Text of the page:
World Health Coronavirus Disinformation
WHO’s bows to Beijing have harmed the global response to the pandemic.
By The Editorial Board | The Wall Street Journal | 5 April 2020.
The coronavirus pandemic will offer many lessons in what to do better to save more lives and do less economic harm the next time. But there’s already one way to ensure future pandemics are less deadly: Reform or defund the World Health Organization (WHO).
Last week Florida Senator Rick Scott called for a Congressional investigation into the United Nations agency’s “role in helping Communist China cover up information regarding the threat of the Coronavirus.” The rot at WHO goes beyond canoodling with Beijing, but that’s a good place to start.
The coronavirus outbreak began in Wuhan, China, sometime in the autumn, perhaps as early as November. It accelerated in December. Caixin Global reported that Chinese labs had sequenced the coronavirus genome by the end of December but were ordered by Chinese officials to destroy samples and not publish their findings. On Dec. 30 Dr. Li Wenliang warned Chinese doctors about the virus, and several days later local authorities accused him of lies that “severely disturbed the social order.”
Taiwanese officials warned WHO on Dec. 31 that they had seen evidence that the virus could be transmitted human-to-human. But the agency, bowing to Beijing, doesn’t have a normal relationship with Taiwan. On Jan. 14 WHO tweeted, “Preliminary investigations conducted by the Chinese authorities have found no clear evidence of human-to-human transmission.” The agency took another week to reverse that misinformation.
On Jan. 22-23 a WHO emergency committee debated whether to declare Covid-19 a “public health emergency of international concern.” The virus already had spread to several countries, and making such a declaration would have better prepared the world. It should have been an easy decision, despite Beijing’s objections. Yet director-general Tedros Ghebreyesus declined and instead traveled to China.
He finally made the declaration on Jan. 30—losing a week of precious time—and his rhetoric suggests the trip to Beijing was more about politics than public health. “The Chinese government is to be congratulated for the extraordinary measures it has taken,” he said. “I left in absolutely no doubt about China’s commitment to transparency.”
A University of Southampton study suggests the number of coronavirus cases could have been reduced by 95% had China moved to contain the virus three weeks sooner. Yet Dr. Tedros gushed that Beijing had set “a new standard for outbreak response.” He also praised the speed with which China “sequenced the genome and shared it with WHO and the world.” China didn’t do so until Jan. 12.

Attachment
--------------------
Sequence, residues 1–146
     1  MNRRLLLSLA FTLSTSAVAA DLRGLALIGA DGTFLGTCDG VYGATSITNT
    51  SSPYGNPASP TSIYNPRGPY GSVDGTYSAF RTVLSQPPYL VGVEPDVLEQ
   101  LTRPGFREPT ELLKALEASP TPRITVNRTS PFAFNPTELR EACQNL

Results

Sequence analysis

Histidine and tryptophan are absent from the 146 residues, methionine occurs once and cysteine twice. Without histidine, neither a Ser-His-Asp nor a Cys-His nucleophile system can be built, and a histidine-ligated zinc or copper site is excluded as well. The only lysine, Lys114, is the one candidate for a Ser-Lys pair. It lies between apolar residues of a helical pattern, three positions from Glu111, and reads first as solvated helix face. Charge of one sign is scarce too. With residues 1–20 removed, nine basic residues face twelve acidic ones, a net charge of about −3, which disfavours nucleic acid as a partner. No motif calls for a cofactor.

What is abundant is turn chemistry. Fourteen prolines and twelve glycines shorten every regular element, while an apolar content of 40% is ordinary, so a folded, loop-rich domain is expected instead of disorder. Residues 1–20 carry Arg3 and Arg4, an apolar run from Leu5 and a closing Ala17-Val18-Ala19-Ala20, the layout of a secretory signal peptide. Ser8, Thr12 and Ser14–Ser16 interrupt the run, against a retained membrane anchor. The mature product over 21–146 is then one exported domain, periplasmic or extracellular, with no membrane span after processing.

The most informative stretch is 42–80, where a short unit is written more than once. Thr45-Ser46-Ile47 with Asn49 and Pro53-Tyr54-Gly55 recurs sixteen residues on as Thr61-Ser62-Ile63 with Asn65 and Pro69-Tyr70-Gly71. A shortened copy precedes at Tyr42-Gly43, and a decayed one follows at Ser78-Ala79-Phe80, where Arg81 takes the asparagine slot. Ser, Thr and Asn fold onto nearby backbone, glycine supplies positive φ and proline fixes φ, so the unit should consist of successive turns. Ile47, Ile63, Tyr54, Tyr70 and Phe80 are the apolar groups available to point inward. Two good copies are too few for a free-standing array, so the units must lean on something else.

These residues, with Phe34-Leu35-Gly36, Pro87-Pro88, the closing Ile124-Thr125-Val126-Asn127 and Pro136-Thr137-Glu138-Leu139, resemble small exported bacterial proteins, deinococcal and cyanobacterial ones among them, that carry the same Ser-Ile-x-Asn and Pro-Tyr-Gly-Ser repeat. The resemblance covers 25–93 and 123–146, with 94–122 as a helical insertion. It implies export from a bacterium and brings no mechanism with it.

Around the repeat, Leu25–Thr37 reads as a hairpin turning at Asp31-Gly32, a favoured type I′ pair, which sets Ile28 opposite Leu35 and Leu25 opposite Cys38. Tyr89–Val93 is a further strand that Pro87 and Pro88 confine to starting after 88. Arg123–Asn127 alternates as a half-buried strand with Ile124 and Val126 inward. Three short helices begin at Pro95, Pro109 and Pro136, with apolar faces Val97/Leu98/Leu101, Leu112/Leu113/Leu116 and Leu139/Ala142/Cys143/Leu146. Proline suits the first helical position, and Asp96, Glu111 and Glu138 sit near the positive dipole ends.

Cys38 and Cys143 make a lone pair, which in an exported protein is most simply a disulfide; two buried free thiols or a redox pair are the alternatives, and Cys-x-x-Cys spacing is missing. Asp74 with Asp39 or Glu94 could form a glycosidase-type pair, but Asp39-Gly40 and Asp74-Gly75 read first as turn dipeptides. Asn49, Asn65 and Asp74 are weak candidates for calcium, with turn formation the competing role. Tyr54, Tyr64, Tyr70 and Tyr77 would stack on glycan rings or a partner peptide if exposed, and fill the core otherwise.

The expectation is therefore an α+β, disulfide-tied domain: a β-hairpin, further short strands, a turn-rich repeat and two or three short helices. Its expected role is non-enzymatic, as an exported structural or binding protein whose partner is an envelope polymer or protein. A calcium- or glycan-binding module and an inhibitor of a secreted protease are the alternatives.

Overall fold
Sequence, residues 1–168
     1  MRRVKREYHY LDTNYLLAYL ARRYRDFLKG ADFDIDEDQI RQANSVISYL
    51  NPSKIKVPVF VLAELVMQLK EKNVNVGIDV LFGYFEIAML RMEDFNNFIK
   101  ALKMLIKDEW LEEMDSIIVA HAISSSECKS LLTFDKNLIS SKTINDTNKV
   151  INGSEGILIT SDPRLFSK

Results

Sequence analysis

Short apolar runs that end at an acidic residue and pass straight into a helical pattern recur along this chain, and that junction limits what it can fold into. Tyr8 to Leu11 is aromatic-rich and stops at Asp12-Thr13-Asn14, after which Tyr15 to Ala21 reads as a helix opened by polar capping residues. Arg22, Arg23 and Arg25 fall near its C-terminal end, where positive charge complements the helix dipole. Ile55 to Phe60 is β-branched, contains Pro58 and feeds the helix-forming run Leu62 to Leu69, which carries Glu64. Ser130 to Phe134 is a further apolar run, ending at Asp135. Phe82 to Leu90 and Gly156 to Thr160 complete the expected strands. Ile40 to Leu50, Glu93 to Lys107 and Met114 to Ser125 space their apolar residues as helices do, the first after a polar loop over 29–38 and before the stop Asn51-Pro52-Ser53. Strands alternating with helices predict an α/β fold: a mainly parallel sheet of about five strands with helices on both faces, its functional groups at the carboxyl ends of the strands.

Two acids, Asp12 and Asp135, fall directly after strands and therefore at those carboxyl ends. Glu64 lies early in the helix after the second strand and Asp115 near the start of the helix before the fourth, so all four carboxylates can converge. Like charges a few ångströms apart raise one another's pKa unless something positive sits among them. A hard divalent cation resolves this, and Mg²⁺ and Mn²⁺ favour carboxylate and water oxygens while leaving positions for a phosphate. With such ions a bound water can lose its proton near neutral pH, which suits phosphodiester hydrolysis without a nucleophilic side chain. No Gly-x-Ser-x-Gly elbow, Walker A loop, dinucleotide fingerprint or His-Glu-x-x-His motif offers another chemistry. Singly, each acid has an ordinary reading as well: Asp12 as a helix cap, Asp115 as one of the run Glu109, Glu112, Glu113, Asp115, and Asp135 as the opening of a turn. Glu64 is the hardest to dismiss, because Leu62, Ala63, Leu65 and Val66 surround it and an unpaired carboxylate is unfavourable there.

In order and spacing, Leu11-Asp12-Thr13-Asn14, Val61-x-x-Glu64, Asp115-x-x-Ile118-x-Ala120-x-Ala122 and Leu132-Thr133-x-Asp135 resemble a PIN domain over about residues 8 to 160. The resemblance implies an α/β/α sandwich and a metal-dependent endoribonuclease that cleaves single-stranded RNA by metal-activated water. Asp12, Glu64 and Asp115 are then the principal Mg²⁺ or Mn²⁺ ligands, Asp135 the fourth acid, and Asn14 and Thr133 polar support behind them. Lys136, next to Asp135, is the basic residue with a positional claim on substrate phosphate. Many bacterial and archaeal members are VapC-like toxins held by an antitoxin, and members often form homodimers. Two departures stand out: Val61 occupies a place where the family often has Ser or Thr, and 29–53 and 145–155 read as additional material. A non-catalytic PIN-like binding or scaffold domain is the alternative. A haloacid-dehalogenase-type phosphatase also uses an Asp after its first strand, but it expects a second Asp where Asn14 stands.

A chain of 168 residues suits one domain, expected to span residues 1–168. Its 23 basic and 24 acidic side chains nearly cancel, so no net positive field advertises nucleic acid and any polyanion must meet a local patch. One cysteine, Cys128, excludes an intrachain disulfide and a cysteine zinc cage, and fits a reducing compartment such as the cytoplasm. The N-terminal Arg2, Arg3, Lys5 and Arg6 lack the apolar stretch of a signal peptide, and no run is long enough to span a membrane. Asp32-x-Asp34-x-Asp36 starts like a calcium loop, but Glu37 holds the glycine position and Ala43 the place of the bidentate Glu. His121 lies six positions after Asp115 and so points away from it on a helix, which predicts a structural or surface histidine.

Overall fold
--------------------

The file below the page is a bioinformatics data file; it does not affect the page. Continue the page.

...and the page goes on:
On Jan. 30 Dr. Tedros also said that “WHO doesn’t recommend limiting trade and movement.” President Trump ignored the advice and announced travel restrictions on China the following day, slowing the spread of the virus. U.S. progressive elites echoed WHO and criticized Mr. Trump. WHO didn’t declare the coronavirus a pandemic until March 11.
Not that any of this has prompted much soul-searching. Alluding to China, WHO official Michael Ryan said last week, “We need to be very careful also to not to be profiling certain parts of the world as being uncooperative.” Beijing touted the remarks, as it has other WHO statements.
This record is tragic but not surprising. Much of the blame for WHO’s failures lies with Dr. Tedros, who is a politician, not a medical doctor. As a member of the left-wing Tigray People’s Liberation Front, he rose through Ethiopia’s autocratic government as health and foreign minister. After taking the director-general job in 2017, he tried to install Zimbabwe dictator Robert Mugabe as a WHO goodwill ambassador.
China inevitably gains more international clout as its economy grows. But why does WHO seem so much more afraid of Beijing’s ire than Washington’s? Only 12% of WHO’s assessed member-state contributions come from China. The U.S. contributes 22%. Americans at WHO generally are loyal to the institution, while Chinese appointees put Chinese interests first or they will suffer Beijing’s wrath.
China’s influence over WHO has been organized and consistent, whereas the U.S. response has been haphazard. Washington needs a quarterback to lead the fight against Chinese dominance at WHO and other international organizations. Yet the State Department’s Bureau of International Organization Affairs lacks a political appointee.
The U.S. will have allies in an effort to reform WHO. A frustrated Japanese deputy prime minister called WHO the “Chinese Health Organization.” British Prime Minister Boris Johnson reportedly is rethinking U.K.-China ties over China’s lack of candor about the virus.
Congress should investigate how WHO performed against the coronavirus and whether its judgments were corrupted by China’s political influence. Of all international institutions, WHO should be the least political. Its core mission is to coordinate international efforts against epidemics and provide honest public-health guidance.
If WHO is merely a politicized Maginot Line against pandemics, then it is worse than useless and should receive no more U.S. funding. And if foreign-policy elites want to know why so many Americans mistrust international institutions, WHO is it.